Financial education on digital transformation is missing in action.
Digital transformation has come to be recognized by chief executives, founders, consultants and business professors alike as an essential part of competing in Industry 4.0. Reasons for this abound in realms as diverse as business books, blogs and YouTube videos. And in concert with the emergence of digital transformation as a key element of businesses’ survival and success, a growing number of courses on the topic are offered by the world’s top universities.
For examples, go to emeritus.org and witness the variety of executive education programmes on digital transformation offered by the likes of Cambridge, Columbia, Berkeley, Northwestern, Manchester or Imperial College London. A review of their course titles and outlines reveals several facets of digital transformation. The courses focus on strategy, technology, data analysis, marketing, business models or industries steeped in digital transformation, such as healthcare. But I have yet to find a course that focuses on the financial dimension of digital transformation.
One might argue that the financial dimension is covered in some of the existing courses. This might be true. Yet my review of course outlines suggests it fails even to merit being a separate module in a course.
Since I teach business finance in corporate education programmes, you might think that my pitch for adding finance to digital disruption curriculums is rather self-serving. Yet my recommendation for introducing a course on the financial dimension of digital disruption – or at least providing more finance modules in existing courses – is backed by experience. Over the past few years, I have repeatedly been asked the following questions in my finance workshops for non-financial professionals:
- What is the difference between ‘opex’ and ‘capex’ and why does it matter?
- What’s the big deal about being ‘asset light’?
- How can a platform start-up become a unicorn so quickly – even before it starts to make money?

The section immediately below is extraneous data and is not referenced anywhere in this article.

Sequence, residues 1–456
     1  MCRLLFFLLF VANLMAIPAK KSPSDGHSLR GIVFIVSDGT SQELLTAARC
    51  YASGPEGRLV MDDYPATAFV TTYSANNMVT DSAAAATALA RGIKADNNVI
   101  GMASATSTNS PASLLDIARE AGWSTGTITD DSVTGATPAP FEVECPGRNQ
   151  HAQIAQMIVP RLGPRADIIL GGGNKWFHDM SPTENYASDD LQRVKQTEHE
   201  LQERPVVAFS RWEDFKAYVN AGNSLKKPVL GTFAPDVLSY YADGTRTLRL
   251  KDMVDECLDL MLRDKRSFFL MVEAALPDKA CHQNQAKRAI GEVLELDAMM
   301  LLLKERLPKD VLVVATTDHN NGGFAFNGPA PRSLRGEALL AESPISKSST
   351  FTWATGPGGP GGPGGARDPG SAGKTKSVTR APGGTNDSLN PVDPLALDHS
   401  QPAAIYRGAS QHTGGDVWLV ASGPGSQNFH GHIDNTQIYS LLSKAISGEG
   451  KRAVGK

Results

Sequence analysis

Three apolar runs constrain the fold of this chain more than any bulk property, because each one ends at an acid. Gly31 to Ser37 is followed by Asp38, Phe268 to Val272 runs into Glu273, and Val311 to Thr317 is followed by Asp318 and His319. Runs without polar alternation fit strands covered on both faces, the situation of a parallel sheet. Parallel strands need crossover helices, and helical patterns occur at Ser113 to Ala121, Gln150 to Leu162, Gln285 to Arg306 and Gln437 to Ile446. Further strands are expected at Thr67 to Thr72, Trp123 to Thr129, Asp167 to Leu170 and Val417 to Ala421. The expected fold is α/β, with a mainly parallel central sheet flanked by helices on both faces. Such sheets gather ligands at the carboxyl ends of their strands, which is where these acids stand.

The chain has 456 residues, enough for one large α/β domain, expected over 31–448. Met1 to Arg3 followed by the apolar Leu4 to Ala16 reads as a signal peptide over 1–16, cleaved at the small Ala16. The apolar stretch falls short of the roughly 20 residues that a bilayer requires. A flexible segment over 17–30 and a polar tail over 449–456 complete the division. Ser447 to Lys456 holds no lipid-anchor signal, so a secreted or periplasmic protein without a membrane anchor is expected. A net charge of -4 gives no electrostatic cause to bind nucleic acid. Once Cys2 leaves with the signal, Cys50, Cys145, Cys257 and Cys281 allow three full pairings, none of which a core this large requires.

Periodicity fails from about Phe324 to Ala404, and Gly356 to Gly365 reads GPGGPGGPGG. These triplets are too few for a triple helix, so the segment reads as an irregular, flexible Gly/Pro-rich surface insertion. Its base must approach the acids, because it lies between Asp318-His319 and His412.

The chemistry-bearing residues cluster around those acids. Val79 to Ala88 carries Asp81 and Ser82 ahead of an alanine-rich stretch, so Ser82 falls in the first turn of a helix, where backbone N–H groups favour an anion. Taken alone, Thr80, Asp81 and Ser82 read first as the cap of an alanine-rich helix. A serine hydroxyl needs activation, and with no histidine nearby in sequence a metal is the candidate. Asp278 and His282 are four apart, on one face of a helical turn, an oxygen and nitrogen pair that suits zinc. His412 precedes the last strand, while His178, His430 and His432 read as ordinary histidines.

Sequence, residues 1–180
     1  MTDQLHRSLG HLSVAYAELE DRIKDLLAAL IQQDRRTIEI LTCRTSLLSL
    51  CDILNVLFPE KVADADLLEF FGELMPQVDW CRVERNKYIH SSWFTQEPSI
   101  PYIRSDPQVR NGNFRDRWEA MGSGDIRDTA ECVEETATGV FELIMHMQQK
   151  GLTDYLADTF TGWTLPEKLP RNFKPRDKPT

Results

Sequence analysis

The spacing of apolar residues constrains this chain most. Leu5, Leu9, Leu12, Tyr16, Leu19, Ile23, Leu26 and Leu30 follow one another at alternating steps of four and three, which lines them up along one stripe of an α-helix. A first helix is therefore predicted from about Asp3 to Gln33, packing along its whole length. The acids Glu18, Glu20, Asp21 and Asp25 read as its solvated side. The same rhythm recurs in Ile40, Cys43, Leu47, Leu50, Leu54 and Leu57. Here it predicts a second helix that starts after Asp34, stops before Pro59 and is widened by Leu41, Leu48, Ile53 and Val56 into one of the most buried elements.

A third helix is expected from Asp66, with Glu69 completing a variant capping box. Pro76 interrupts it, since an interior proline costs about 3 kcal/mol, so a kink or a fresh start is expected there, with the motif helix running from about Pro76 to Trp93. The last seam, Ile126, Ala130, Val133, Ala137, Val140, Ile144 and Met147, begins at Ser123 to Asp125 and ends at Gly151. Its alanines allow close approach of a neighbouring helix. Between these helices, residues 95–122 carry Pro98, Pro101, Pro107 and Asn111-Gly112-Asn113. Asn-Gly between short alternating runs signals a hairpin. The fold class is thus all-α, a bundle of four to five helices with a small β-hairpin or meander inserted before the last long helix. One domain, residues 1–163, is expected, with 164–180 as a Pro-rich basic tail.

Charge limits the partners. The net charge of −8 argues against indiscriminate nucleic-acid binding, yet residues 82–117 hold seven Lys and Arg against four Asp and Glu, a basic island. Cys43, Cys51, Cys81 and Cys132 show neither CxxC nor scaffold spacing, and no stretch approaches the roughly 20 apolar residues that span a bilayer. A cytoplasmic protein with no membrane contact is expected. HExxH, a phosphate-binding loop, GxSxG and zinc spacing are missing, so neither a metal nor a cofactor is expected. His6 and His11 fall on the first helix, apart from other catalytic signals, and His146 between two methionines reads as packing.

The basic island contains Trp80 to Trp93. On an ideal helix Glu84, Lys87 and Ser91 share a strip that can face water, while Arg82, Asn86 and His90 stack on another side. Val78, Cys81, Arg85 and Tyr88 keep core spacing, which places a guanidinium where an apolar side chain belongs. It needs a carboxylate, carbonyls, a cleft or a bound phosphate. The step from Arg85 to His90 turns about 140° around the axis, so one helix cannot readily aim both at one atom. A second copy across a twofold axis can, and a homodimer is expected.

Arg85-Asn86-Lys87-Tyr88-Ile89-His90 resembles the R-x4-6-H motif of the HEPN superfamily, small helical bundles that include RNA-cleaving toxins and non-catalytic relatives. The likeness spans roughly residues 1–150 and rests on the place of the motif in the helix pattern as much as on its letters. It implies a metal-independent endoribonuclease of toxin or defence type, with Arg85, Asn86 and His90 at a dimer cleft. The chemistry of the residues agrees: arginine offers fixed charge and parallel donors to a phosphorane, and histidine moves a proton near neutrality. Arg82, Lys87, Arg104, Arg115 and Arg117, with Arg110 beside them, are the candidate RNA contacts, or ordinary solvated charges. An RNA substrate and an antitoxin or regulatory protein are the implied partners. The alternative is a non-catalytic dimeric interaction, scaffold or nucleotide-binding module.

- How do we measure ‘cost of revenue’ in a digital company?
These and others like them are great questions that are related to digitalization in one way or another. I think any finance instructor would love to answer them and use them as a trigger for further discussion. But, unless an instructor wants to sound like a ventriloquist’s dummy plugged directly into Google, there should be a big picture context and an adequate understanding of finance fundamentals, so the questioner gains a real appreciation for the answers.
For example, it is easy enough to explain opex as operating expenses and capex as capital expenses – and that the former refers to a company’s budget and spending for its day-to-day operations while the latter refers to the same but for capital goods such as new plant and equipment. But why is it important to know this distinction? Incidentally, this question was put to me in one of my workshops by a salesperson in a cloud-computing company. You can see why he asked the question. More than likely, a company with its own data centres migrating to the cloud would reduce its future capex but increase its opex.
A profound understanding of the financial element to digital transformation is more than a nice-to-have. It can tell the whole story of why successful companies opt to go through the huge pain barrier to adapt their models. In case anyone doubts the potential financial gains from a digital transformation, one need only look at companies like Adobe (formerly known only for its pdf and photoshop packages, now a leading provider of SaaS), Apple (since early this year a $3 trillion company) – and the usual suspects: Netflix, Amazon, Facebook and Alphabet.
Those names are all too familiar. But what exactly is the connection between their sky-high valuations and digital business models? I’d advise you to take a course in the financial dimension of digital transformation to find out. But you’ll have to find one first.
Phil Young is an MBA professor and corporate education consultant and instructor.